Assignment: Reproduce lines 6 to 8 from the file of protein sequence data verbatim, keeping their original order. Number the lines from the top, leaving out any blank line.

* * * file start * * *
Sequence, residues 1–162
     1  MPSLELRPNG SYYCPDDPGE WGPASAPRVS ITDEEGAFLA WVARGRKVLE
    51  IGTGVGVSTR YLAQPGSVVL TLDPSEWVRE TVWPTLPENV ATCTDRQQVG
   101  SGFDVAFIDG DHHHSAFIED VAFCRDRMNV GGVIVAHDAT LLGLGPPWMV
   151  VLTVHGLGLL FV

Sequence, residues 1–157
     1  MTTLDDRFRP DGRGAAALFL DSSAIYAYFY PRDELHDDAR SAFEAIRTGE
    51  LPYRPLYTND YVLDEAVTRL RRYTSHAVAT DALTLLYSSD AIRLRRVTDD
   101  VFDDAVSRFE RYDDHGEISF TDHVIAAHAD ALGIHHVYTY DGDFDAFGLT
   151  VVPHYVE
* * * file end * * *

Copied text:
Sequence, residues 1–157
     1  MTTLDDRFRP DGRGAAALFL DSSAIYAYFY PRDELHDDAR SAFEAIRTGE
    51  LPYRPLYTND YVLDEAVTRL RRYTSHAVAT DALTLLYSSD AIRLRRVTDD